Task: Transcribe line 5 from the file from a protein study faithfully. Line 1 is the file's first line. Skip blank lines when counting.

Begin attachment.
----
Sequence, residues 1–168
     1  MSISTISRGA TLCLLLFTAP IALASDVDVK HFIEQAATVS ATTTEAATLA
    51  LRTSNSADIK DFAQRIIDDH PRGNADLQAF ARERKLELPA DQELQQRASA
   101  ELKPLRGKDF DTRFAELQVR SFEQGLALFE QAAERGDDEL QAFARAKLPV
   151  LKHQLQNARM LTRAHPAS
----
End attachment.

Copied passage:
   151  LKHQLQNARM LTRAHPAS